Dials with totalizers, such as the Pilot's Watch Chronograph Edition “150 Years”, represent a more significant challenge than other models. After lacquering, the outer edges of the subdial are no longer vertical, meaning there is not enough room for the hands of the totalizers. For this reason, after the lacquering process, they are turned with a special tool until the outer edges are once again as sharp as a knife-edge.
We had to modify the production process individually for every dial.
The manufacturing process was modified to suit every single dial
Another issue that posed a problem for Nantes and the interdisciplinary project team was the enormous variety of dials in the jubilee collection. While the Portofino Automatic Edition “150 Years” has just one hole for the hands and a date window, for instance, the Portugieser Perpetual Calendar Tourbillon Edition “150 Years” needs a hole for the hands as well as apertures for the tourbillon and the moon phase display. “To ensure that the very narrow tolerances for these apertures are met after lacquering, we had to adapt the process for every single dial. In some cases that meant making the necessary modifications to the blank itself,” says de Nantes.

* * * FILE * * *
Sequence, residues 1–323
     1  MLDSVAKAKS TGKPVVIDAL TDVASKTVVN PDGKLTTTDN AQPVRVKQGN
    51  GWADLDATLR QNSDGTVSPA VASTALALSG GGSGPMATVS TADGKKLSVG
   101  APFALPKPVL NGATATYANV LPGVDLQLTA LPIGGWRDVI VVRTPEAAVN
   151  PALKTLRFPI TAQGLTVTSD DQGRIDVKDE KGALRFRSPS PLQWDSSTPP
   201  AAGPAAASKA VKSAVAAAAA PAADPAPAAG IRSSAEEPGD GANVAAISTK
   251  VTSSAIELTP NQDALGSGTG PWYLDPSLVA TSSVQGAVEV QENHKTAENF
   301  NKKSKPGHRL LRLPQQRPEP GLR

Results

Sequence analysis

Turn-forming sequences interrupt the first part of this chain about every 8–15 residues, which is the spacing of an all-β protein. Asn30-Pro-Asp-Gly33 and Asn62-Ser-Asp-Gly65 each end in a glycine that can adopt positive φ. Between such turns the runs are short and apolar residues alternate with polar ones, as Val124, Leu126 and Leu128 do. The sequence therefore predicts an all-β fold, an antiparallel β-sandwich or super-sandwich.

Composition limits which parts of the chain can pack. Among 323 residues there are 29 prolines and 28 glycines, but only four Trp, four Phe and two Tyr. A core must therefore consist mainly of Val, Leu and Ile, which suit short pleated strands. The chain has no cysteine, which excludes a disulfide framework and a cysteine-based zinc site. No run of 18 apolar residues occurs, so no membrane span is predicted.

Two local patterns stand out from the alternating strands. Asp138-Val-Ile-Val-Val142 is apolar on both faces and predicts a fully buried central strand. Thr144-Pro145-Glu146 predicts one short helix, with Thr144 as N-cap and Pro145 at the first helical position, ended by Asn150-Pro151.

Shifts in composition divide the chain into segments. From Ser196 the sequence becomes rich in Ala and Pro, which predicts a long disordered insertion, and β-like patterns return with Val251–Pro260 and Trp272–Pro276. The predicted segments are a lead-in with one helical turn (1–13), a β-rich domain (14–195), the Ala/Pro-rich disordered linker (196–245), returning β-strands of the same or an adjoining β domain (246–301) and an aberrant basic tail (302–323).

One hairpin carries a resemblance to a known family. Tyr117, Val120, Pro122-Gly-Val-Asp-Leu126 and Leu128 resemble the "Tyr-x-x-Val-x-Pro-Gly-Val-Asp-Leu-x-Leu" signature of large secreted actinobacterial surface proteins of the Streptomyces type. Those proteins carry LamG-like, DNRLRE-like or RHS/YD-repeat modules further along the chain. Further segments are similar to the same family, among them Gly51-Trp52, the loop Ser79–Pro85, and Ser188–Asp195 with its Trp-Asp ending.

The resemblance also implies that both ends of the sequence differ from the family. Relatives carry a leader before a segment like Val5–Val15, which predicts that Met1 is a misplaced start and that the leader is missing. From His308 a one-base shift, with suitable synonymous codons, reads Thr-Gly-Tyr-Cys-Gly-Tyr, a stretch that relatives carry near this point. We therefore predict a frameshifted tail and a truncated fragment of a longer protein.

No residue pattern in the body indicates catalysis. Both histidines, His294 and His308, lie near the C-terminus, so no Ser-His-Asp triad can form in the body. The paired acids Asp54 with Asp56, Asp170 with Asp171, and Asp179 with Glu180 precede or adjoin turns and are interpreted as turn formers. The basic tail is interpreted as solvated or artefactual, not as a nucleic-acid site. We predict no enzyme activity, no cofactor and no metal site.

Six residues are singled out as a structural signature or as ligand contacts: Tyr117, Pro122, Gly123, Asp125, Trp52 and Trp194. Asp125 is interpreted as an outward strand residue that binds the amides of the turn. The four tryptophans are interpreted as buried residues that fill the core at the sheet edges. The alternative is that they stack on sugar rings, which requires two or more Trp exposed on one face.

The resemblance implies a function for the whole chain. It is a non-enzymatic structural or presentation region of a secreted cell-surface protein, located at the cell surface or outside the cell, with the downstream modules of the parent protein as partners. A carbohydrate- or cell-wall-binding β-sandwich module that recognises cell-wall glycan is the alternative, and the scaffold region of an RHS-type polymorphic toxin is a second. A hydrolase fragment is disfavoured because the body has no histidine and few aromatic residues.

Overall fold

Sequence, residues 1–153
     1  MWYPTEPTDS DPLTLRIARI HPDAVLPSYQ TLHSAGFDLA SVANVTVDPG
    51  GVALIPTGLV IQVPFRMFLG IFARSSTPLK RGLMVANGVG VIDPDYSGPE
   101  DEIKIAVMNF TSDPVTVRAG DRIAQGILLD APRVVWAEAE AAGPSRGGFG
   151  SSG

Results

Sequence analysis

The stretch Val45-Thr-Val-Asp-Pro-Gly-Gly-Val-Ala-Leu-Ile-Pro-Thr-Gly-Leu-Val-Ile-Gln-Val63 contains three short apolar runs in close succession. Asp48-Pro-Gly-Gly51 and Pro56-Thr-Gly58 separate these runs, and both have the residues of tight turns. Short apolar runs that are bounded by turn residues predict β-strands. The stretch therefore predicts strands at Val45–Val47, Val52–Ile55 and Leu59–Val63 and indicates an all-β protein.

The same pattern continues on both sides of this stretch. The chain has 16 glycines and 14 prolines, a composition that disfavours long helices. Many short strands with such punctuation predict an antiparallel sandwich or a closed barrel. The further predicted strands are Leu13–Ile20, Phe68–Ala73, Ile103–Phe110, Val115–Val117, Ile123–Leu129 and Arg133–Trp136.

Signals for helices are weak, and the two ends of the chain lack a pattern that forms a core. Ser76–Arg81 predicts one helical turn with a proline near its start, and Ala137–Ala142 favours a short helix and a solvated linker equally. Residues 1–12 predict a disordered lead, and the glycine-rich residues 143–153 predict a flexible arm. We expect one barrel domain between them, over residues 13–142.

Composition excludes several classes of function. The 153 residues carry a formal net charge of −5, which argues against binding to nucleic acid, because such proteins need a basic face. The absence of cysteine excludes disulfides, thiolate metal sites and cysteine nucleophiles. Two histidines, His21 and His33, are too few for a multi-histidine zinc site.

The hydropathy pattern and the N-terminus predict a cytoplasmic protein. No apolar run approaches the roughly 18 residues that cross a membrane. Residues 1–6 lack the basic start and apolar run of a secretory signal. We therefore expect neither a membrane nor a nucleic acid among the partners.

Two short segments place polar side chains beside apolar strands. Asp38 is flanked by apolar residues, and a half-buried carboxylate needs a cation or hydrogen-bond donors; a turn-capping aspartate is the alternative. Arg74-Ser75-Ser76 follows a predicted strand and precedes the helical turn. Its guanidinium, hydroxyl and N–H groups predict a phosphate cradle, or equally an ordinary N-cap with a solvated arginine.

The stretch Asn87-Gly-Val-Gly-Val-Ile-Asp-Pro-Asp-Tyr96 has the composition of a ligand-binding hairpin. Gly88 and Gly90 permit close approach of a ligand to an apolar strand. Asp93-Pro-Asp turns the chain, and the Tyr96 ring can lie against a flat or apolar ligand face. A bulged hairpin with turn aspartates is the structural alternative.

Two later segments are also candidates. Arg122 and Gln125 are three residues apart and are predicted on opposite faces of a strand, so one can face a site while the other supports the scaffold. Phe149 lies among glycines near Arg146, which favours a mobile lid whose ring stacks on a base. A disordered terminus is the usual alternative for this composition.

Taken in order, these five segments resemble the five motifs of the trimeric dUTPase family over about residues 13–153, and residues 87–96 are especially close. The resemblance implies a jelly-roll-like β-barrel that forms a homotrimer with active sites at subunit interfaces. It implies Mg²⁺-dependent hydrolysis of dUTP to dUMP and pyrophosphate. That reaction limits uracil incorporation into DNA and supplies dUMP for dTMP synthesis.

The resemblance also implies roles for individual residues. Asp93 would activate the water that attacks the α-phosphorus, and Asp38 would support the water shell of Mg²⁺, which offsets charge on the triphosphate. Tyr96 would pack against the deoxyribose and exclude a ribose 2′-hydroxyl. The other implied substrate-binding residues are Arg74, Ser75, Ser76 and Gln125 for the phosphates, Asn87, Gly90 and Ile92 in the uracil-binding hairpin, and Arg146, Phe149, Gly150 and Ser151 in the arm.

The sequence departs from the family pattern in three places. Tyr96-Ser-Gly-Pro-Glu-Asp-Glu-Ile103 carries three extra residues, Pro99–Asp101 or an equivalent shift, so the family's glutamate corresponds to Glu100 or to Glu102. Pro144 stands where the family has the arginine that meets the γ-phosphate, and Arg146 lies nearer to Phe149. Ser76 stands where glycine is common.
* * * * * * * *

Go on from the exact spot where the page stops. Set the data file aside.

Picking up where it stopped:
The manual polishing process gives the dials the desired enamel effect.
The printing appears three-dimensional
One of the unusually appealing features of lacquered dials is the printing. The inspiration for this came from the first Portugieser (Ref. IW325) made in 1939, which likewise featured a printed dial. “We decided not to use appliqués for the numerals and indices throughout the entire collection, which means that the printing alone must create the impression of spatial depth,” is how de Nantes describes the challenge. The specialists tried out various tools and experimented with the number of times the dials were printed. With some models, achieving the best possible result called for modifications to the dial design. This was the case with the Portofino Chronograph Edition “150 Years”, whose printed subdials create an astonishingly realistic sense of three-dimensionality.
But even the most beautiful dial is useless if it does not show the time. In the jubilee collection, the watches with white dials are fitted with blue hands while those with blue dials have rhodium-plated hands. The cornflower blue colour of the steel hands is the result of a special heat treatment at 300 degrees Celsius. The gleam of the rhodium-plated hands on the watches with blue dials comes from up to four electroplated coatings. “The combination of dial, printing and hands is immediately recognizable and will continue to give owners enormous pleasure when they think back to IWC's 150th jubilee many years from now,” concludes de Nantes with some confidence.